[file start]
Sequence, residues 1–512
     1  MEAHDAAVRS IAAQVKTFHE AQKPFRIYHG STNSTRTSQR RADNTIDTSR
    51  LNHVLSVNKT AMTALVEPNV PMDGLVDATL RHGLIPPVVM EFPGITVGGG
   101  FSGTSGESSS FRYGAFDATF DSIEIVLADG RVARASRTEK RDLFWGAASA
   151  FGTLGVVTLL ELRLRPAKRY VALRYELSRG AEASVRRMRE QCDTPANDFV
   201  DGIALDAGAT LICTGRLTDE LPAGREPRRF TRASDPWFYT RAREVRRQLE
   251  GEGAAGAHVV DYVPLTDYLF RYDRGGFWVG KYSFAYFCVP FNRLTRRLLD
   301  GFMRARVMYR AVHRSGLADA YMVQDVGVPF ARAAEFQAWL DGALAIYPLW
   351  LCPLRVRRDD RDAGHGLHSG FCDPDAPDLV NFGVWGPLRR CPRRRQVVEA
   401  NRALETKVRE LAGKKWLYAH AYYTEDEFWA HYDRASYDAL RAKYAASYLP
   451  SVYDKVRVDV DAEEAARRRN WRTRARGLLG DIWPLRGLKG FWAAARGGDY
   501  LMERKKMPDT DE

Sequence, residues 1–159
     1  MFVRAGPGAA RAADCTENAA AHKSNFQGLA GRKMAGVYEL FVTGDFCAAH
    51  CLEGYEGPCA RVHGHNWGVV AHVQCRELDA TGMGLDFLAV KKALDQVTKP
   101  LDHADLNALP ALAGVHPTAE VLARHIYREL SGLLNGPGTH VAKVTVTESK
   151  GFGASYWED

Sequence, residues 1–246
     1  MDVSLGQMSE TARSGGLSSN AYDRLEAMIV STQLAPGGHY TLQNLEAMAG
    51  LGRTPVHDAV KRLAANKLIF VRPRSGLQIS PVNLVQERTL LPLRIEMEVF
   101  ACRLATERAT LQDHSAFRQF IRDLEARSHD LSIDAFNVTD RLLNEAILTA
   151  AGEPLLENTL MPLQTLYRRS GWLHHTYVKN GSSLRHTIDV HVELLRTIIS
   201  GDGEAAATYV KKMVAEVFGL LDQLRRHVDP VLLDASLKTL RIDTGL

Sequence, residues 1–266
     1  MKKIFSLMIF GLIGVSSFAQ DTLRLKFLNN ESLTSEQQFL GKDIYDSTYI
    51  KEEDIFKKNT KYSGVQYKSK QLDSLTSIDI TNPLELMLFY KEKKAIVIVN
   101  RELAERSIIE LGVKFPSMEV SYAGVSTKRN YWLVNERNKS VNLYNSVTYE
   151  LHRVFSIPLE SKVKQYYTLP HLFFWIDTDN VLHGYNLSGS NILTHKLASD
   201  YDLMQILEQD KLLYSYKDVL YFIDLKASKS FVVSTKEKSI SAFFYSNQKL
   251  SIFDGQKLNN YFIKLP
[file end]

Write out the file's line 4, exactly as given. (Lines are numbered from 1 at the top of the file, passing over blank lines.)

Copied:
   101  FSGTSGESSS FRYGAFDATF DSIEIVLADG RVARASRTEK RDLFWGAASA